Magic Time

Oct 30, 2006

Marlette's second novel, Magic Time, also has a biographical dimension like his first novel, The Bridge, which chronicled the life of his grandmother, whom he had not known well. Magic Time chronicles the life of a teenage boy, living in Laurel, Mississippi, in the 1960s, during the turmoil of the civil rights movement.

After his graduation from Florida State University, Doug Marlette went to work as a cartoonist, and created a hugely successful career. Marlette started out at papers in Florida and then Atlanta. At the Charlotte Observer, he won the Pulitzer Prize for a series of cartoons satirizing the Bakkers, Jim and Tammy Faye. Really, though, what better subject could any cartoonist dream of? Marlette also became well known as the creator of the comic strip ?Kudzu,? again drawing figures, but with slightly more text.

During the 1990s, however, Marlette learned the story of his grandmother, whom he had not known well. She, it turned out, had been stabbed by a bayonet during labor strife at a North Carolina textile mill in the 1930s. Marlette interviewed eyewitnesses, did the research, and in 2001 published his first novel, The Bridge.

Marlette?s second novel, Magic Time, also has a biographical dimension. As a teenage boy, Marlette lived in Laurel, Mississippi, in the 1960s, during the turmoil of the civil rights movement. Laurel, called here Troy, is the hometown of Magic Time?s protagonist, Carter Ransom. Ransom, after suffering a kind of nervous breakdown, takes a leave from his job as a columnist at a New York newspaper and comes back home to rest, with his father, sister, nephew, and childhood friends, but the traumas of his young manhood are about to be revived and relived in Troy.

A capable, ambitious, and beautiful federal prosecutor is reopening a case everyone thought to be closed forever. There had been, in Troy, in 1964, a fire-bombing of a black church that housed a ?freedom school.? Several had perished, including the woman Carter loved, Sarah Solomon, a Jewish civil rights worker from New York.

Readers will notice that Marlette has moved the Birmingham church bombing to Mississippi and made the victims not little girls but black and white, male and female, northern and southern civil rights workers. The trial of the Klansman Sam Bohannon, in Magic Time, is a mix of the trials of Edgar Ray Killen and Byron de la Beckwith and others.

Carter?s mental heath is none too stable, and the reopening of the old murder case rocks him. He is further distressed when his father, the judge who had presided over the original trial, is accused of suppressing evidence against the killer.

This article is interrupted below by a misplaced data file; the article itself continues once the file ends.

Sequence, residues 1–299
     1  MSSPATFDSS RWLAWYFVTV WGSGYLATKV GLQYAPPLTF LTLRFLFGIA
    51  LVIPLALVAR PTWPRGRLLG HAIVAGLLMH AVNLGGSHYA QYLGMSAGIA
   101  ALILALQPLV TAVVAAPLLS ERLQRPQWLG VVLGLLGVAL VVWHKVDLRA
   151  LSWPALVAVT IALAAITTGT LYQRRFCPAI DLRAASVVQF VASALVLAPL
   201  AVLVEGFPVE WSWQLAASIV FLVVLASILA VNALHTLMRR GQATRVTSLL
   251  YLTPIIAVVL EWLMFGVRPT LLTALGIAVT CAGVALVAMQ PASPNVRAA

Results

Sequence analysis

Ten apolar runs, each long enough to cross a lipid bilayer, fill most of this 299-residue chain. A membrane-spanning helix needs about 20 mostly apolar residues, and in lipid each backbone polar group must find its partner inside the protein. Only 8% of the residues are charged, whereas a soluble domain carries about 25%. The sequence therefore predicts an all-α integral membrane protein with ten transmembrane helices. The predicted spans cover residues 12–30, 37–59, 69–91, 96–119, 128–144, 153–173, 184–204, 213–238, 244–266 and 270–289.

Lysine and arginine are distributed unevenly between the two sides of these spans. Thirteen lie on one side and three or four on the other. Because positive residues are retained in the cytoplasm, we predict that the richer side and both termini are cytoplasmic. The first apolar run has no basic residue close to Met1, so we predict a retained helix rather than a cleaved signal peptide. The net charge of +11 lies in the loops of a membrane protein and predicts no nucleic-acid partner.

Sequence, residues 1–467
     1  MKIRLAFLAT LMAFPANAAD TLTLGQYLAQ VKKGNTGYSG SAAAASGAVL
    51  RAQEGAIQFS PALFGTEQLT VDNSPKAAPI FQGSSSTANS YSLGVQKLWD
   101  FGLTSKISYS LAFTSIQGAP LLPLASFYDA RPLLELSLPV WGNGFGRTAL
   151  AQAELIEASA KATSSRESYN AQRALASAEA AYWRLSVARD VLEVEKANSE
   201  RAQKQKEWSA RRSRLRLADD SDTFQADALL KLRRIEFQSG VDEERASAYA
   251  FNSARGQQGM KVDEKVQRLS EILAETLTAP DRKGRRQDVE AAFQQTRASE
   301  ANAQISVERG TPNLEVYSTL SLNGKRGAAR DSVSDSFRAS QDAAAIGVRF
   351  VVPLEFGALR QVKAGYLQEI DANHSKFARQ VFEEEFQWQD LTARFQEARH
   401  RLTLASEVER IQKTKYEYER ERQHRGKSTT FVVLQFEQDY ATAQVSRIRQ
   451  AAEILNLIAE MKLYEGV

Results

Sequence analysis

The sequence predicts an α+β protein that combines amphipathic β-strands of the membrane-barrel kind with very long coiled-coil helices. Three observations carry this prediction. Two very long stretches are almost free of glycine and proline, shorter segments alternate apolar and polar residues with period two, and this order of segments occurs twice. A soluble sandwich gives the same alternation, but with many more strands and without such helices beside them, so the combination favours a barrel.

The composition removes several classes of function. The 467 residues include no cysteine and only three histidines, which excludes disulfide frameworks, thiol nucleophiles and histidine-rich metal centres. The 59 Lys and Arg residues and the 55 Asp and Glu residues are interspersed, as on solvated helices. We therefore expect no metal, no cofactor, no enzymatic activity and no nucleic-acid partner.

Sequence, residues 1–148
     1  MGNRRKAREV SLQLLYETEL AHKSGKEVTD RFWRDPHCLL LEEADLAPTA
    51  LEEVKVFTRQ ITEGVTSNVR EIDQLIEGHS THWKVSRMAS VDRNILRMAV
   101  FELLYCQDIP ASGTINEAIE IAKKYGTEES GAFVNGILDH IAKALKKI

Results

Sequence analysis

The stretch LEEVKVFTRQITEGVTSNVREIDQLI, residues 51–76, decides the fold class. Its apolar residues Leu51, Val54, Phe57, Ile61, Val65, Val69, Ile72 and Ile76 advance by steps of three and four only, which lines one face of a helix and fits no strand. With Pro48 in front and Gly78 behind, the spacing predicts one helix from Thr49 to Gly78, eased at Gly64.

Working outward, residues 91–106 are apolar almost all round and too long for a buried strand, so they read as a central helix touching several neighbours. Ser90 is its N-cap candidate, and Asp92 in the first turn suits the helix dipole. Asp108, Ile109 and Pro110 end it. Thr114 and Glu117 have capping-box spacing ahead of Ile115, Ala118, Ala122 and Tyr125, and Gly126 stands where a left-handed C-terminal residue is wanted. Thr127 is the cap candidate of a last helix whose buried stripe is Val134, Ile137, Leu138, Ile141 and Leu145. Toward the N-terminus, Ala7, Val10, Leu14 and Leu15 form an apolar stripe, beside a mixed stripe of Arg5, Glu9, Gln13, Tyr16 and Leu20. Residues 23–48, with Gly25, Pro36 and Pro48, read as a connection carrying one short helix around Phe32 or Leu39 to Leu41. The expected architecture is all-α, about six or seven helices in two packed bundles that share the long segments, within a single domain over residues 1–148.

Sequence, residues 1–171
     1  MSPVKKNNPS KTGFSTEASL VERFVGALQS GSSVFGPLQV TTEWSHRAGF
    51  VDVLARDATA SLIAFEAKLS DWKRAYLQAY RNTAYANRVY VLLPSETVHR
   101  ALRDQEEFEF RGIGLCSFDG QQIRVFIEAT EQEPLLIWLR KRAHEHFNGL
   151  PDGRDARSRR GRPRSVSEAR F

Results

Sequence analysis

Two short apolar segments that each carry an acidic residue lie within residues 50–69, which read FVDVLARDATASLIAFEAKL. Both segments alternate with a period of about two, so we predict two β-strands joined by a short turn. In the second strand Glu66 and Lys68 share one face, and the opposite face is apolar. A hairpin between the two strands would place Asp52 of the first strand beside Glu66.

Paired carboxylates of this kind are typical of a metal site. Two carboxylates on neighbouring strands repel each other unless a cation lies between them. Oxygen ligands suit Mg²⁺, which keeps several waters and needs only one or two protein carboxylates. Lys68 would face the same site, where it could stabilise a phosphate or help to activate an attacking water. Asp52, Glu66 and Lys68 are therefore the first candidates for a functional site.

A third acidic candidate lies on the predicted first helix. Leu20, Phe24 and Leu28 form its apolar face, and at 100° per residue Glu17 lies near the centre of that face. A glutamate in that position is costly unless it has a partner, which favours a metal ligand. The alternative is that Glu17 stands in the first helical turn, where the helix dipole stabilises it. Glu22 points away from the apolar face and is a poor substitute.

Marlette is a storyteller. Much of this material is pretty familiar, but Marlette has told it as a mystery novel, as an adventure story. In the 1991 trial, the details of the 1964 fire-bombing are revealed. Ransom comes to terms with his own past and his father?s and, although he is a bachelor in his forties by this time, is now, finally, capable of falling in love without the crippling fear that that love will be taken from him.

Along with the central narrative, Marlette tends to crowd his canvas with subplots. In Magic Time we also learn of the career of Elijah Knight, son of the Ransoms? maid Nettie and now a congressman in the House of Representatives. There is even another murder solved, the lynching and mutilation of a black man named Dexter Washington.

Almost as comic relief, Marlette includes the story of WunderCorp, a German chemical company that wishes to build a large plant in Troy and of course promises to respect the environment. The natural beauty of Troy is saved through the Endangered Species Act?the red-cockaded woodpecker to the rescue.

Marlette, in The Bridge and here again in Magic Time, likes to put in characters pretty clearly modeled on real life people, all disclaimers notwithstanding. The representative of WunderCorp in Laurel, the smooth Helmut Schlank, seems a lot like Doctor Z. of recent Mercedes commercials, and readers will recognize in Rasheed Lovelace, a reporter of dubious ethical practices, a portrait of the disgraced New York Times reporter Jayson Blair.

Marlette occasionally overwrites. There are so many strands of plot in his novels that he needs epilogues to tell the reader what happened to all those characters. But his novels have that sine qua non, energy, with characters one comes to care about, who learn and have real experiences that change their lives.